A 'third way' for Arne Duncan?
On Tuesday, President-Elect Obama ended weeks of speculation by selecting Chicago schools CEO Arne Duncan to be his secretary of education. The conventional wisdom is that Duncan is a "consensus" pick, bridging the Democratic Party's major divide on education.
The camps on either side of this divide have been described, variously, as the establishment versus the reformers, incrementalists versus disrupters, or, by some, the true progressives versus closet Republicans. Let us add another pairing: the System Defenders versus the Army of the Potomac.
System Defenders--including the teacher unions, other traditional education groups, and their friends on Capitol Hill--believe that the public school system is basically sound but needs additional resources to be more effective. Their view of the federal role resembles the pre-NCLB version with scads of programs and complexities--albeit a lot more money and a lot less accountability.
Meanwhile, members of the Army of the Potomac--including civil rights groups such as Education Trust, "New Dem" bastions such as Education Sector and the Progressive Policy Institute, and putatively bipartisan initiatives such as the No Child Left Behind (NCLB) Commission--hold generally sound instincts about reform. They see unions and school boards as barriers to achievement and equity gains; they favor holding schools to account for results; they would reward success; and (up to a point) empower parents. Their Achilles heel is a near-boundless faith in Washington's ability to accomplish these and more whopping improvements in K-12 education. They downplay the unintended consequences caused by NCLB (and other well-intended federal statutes); indeed, most of them would ratchet up Uncle Sam's pressure on states and local schools.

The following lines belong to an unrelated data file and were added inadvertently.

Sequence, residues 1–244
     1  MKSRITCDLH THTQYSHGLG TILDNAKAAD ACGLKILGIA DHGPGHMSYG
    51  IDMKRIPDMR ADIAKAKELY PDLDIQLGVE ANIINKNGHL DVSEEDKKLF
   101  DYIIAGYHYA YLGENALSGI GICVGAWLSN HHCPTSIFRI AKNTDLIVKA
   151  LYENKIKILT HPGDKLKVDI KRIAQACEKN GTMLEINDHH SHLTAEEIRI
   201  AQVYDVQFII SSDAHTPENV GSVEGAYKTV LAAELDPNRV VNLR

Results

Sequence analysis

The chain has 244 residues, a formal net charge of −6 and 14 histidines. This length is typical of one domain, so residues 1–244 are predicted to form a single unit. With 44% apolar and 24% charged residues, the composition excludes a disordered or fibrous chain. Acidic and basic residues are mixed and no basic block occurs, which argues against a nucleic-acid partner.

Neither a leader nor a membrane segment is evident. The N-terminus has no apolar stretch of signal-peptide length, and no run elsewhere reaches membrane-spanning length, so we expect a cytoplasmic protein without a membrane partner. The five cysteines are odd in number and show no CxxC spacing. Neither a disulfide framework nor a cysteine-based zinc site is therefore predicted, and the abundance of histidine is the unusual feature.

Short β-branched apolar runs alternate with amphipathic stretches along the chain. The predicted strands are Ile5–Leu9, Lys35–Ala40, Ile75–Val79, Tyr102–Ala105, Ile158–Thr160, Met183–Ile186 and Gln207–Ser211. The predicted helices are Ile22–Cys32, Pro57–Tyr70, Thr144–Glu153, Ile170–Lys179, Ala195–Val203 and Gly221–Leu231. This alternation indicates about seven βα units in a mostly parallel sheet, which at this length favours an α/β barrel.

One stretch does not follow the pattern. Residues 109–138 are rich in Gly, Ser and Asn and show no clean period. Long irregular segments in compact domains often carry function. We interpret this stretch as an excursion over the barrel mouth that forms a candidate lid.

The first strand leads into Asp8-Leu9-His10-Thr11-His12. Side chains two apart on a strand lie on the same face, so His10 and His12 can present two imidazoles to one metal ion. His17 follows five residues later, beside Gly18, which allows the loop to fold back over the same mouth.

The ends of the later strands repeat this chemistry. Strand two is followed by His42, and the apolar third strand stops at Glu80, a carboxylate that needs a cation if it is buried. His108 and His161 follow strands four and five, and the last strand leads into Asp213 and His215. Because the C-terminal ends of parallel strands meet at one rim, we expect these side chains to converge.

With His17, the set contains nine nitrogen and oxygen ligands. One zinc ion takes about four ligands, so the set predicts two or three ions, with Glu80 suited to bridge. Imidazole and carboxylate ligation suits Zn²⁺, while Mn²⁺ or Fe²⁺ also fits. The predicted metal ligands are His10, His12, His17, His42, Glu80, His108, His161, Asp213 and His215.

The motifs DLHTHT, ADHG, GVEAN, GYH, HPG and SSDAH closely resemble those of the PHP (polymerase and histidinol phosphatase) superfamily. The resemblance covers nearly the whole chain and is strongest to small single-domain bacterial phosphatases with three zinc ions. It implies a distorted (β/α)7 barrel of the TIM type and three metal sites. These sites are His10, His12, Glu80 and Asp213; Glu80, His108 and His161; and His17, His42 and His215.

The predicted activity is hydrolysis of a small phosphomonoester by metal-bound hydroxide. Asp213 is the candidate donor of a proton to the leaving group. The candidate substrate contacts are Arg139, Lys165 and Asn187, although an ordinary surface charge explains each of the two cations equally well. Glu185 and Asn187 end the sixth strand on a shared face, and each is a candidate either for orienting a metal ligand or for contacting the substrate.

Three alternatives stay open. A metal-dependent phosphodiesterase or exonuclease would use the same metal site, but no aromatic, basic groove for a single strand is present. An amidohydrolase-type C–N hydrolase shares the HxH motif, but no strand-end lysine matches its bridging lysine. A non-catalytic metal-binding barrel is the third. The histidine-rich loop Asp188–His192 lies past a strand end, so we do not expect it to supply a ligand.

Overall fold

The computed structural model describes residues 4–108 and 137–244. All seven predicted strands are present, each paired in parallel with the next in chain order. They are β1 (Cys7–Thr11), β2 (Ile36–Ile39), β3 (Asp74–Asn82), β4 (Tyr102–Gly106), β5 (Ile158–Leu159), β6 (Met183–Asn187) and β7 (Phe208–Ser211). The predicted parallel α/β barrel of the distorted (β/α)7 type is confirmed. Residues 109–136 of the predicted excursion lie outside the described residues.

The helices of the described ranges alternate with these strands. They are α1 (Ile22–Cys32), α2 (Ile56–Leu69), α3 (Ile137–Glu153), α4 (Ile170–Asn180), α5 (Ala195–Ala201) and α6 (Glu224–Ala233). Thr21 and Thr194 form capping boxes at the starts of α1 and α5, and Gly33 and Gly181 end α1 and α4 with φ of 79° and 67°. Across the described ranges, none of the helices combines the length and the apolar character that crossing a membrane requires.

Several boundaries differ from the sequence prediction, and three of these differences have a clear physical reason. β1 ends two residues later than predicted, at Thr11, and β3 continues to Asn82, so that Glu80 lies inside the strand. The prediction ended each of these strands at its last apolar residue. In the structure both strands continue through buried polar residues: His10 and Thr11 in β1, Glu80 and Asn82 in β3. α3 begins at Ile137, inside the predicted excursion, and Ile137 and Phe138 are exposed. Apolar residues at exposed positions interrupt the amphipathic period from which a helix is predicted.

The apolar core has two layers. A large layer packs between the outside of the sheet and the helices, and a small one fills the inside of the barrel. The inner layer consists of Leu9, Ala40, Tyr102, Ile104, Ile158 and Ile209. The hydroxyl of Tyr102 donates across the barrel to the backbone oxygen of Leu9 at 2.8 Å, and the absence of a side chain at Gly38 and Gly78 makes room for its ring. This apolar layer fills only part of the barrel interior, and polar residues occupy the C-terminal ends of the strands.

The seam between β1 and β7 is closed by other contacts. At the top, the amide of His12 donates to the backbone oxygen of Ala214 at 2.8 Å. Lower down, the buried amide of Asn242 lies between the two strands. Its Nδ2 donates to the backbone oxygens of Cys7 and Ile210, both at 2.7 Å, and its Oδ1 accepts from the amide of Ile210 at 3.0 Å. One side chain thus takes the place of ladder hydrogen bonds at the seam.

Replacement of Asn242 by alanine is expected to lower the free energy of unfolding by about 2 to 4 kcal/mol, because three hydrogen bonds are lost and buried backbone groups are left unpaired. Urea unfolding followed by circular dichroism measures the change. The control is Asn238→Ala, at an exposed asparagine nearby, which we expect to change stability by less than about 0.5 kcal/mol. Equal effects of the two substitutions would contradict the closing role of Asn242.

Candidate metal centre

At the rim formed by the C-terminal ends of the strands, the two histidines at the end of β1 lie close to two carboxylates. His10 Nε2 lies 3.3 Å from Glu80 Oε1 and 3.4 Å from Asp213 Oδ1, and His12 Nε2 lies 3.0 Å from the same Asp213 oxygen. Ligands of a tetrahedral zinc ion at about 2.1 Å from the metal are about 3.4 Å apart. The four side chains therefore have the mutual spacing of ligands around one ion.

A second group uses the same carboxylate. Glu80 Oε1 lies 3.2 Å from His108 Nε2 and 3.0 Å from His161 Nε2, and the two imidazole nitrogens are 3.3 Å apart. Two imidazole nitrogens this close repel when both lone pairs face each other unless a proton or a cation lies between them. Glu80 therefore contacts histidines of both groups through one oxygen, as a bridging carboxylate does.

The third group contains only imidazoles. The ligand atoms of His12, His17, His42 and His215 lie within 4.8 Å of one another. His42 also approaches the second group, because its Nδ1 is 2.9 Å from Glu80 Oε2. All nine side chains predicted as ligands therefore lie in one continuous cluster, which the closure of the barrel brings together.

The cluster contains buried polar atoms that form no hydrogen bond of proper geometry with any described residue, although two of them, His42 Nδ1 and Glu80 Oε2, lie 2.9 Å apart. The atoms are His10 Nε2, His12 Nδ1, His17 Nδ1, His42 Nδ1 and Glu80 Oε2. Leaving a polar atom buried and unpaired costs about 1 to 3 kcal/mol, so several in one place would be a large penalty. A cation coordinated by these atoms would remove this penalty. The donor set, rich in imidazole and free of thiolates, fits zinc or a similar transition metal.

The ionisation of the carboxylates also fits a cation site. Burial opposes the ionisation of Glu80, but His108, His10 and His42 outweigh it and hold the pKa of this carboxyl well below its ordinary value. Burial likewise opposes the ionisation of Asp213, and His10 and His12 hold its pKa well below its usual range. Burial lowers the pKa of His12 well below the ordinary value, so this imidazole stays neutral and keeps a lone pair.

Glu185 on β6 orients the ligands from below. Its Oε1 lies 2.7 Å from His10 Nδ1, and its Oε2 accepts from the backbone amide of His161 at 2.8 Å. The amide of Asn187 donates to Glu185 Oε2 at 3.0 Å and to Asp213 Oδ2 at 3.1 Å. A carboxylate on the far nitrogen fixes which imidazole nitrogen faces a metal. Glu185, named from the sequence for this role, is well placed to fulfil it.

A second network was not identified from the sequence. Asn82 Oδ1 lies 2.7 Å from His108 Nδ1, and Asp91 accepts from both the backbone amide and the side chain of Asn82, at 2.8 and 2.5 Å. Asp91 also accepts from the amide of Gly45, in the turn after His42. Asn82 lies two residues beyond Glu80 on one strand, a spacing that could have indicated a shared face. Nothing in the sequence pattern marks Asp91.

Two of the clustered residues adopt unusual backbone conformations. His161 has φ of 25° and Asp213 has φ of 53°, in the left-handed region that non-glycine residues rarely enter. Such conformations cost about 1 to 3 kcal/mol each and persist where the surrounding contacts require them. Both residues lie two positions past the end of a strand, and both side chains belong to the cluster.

These two camps have been wrangling all year, and it's widely understood that Duncan's job is to forge a truce by finding compromises and commonalities. (To the right of these contending Democratic factions is where many Republicans find themselves, among what we call Local Controllers. They want Uncle Sam to butt out of education policy--but to keep sending money. In the current political environment, however, Duncan and his boss can mostly ignore them--at least ‘til they need sixty Senate votes.)
How can Obama and Duncan find common ground between the System Defenders on the left and the Army of the Potomac in the center? One good way would be turning to Reform Realism, which we introduce today in an "Open Letter" to the President-Elect, Secretary-Designate, and the 111th Congress.
We Reform Realists share some core assumptions with the Army of the Potomac. We embrace standards, assessment, and accountability; we believe that America's achievement gaps are morally unacceptable, socially divisive, and politically unsustainable; and we recognize that for the U.S. to remain secure and prosperous in a dangerous, shrinking and flattening world, our education system must become far more effective.
But as Arne Duncan has learned in Chicago, we also believe that federal action too often yields unintended and undesirable consequences. Uncle Sam would be wise to adopt medicine's maxim of "first do no harm." His education levers are few and none too powerful and, in the real world, he can do little to coerce states and districts to do things they don't want to do or are organizationally incapable of doing--much less to do those things well. School reform is a heavy lift and the application of federal carrots and (less commonly) sticks can only go so far.